Who made my clothes? The damage of fast fashion explained.

Over the past twenty years, there has been a huge shift in the way in which we consume. This goes for everything from digital content to the clothes we wear. Many of us love to shop and enjoy the thrill of finding that new perfect outfit for the next event, and it has become so easy to find an item of clothing for the same price as your morning coffee. There are countless fast fashion brands out there advertising the cheap prices, quick turnarounds, and constant new designs for us to consume and to keep us buying.

But at what cost? When was the last time you considered the working conditions of a labourer when shopping? Or the amount of pesticides used to grow the material the clothing is made from? Probably never. Or at least not very often, right?

To further prove this point, there was a news story a few years back about factory workers sewing pleas for help into the clothing they were making. And you would never know looking at the shiny shop interiors that this was all going on behind the scenes…

Full article here:

https://www.independent.co.uk/news/world/europe/zara-clothes-help-sewn-labels-tip-iceberg-human-rights-expert-a8057206.html

 

So, what exactly is fast fashion?

‘Fast fashion can be defined as cheap, trendy clothing, that samples ideas from the catwalk or celebrity culture and turns them into garments in high street stores at breakneck speed.’ – Taken from goodonyou.eco

This seems like great news for the consumer who gets cheap clothing, and new designs every few weeks influenced by big shot designers. But it also means that we are influencing the supply and demand of the fashion brands and playing into the hands of the large corporations.

In short – the more we buy, the more they make.

 

What damage is it doing to our planet?

According to WRAP the UK sends around 350,000 tonnes of clothing to landfill, that’s £140 million pounds worth! Buying so many clothes as such a cheap price often means the manufacturers have cut corners in their production and the clothes are of a lesser quality, are worn out after a few wears and are sent to landfill. We have changed our mindset to see fashion as cheap and disposable, which is not how it should be. This is not a sustainable system and soon we will have nowhere to send our worn-out clothing as landfill space is not infinite.

On top of that, our choice of clothing material has a huge impact. The cotton industry alone is responsible for 10% of global carbon emissions worldwide, uses 5% of all pesticides and 14% of insecticides sold globally. One of the worst offenders for environmental impact is polyester. I don’t know about you but when I go shopping and check labels, the majority of the items I pick up are made from polyester. Polyester is a synthetic, man-made fabric consisting of petroleum based fibres – meaning it’s created from non-renewable sources. It’s created from PET (Polyethylene terephthalate) which essentially means that the fabric is plastic. So if you find yourself feeling a bit sweatier than usual when wearing your favourite polyester top, it’s because you are essentially wearing plastic. Doesn’t sound so pleasant when you put it like that!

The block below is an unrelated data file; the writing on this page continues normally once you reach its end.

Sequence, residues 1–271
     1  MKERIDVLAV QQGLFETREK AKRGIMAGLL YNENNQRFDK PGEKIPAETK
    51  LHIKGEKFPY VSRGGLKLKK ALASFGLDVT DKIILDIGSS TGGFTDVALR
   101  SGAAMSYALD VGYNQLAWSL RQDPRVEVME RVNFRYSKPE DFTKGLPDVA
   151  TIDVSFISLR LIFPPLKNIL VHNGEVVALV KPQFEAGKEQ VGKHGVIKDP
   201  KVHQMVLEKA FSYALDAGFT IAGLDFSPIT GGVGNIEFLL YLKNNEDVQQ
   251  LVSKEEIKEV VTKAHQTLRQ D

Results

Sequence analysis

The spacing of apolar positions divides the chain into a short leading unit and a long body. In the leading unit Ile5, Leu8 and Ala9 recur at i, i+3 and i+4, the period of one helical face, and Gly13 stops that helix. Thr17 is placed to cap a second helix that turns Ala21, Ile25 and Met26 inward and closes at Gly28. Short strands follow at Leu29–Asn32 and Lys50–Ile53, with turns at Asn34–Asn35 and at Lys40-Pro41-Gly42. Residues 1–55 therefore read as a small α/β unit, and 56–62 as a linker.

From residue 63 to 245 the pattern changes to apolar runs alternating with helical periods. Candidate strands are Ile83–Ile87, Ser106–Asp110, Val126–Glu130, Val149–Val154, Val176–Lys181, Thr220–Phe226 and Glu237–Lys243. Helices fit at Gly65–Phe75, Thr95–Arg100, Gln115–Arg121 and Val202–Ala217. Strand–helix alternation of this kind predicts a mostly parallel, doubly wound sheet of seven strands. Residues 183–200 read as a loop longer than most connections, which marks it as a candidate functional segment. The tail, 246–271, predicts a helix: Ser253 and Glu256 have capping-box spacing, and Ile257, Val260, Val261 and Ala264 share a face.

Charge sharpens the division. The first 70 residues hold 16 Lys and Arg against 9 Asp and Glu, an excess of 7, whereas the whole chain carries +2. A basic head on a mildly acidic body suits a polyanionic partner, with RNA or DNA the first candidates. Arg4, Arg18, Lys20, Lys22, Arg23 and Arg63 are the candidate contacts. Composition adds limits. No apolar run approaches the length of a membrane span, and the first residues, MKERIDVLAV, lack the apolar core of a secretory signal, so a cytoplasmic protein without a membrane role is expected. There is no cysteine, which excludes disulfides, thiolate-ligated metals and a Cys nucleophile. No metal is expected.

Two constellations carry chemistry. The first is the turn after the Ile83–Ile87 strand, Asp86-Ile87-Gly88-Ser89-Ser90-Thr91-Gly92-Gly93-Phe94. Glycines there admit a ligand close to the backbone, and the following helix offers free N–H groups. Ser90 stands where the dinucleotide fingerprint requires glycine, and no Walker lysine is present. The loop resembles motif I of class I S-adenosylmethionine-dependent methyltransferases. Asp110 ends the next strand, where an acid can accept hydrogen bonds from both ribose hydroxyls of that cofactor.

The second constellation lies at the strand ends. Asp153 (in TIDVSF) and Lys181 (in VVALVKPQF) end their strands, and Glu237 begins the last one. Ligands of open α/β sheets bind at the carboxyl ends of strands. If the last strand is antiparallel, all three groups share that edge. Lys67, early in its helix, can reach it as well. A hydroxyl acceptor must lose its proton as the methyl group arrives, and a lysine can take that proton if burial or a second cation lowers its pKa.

Synthetic textiles, including polyester items, are the biggest polluter of microplastics in our oceans. This is because every single time you wash a product containing these synthetic fibres, up to 2000 fibres are washed off and into our water systems. This could be your gym wear, your work blouse or even your microfibre beach towel. The scale of plastic pollution is getting out of control, and most people don’t realise they are contributing to microplastic pollution just by putting on a load of washing.

 

How can I help?

Slow fashion brands are currently trying to turn the market on its head and make the public realise that the only way we can make a change is to stop buying fast fashion and invest in better quality, properly designed pieces by brands who have endlessly researched into the impact of their clothing and the welfare of the workers. By supporting slow fashion brands, we are showing our loyalty towards brands that care about our planet and our future on this Earth. We’re showing our love for the creativity that these brands bring us that you just don’t get in the fast fashion world, and you get the chance to support a unique business run by normal people who are just trying to make a difference, without lining the pockets of the big corporations. We can begin to make a difference and bring an end to the culture that has been created by fast fashion by being more mindful when we purchase an item of clothing.

 

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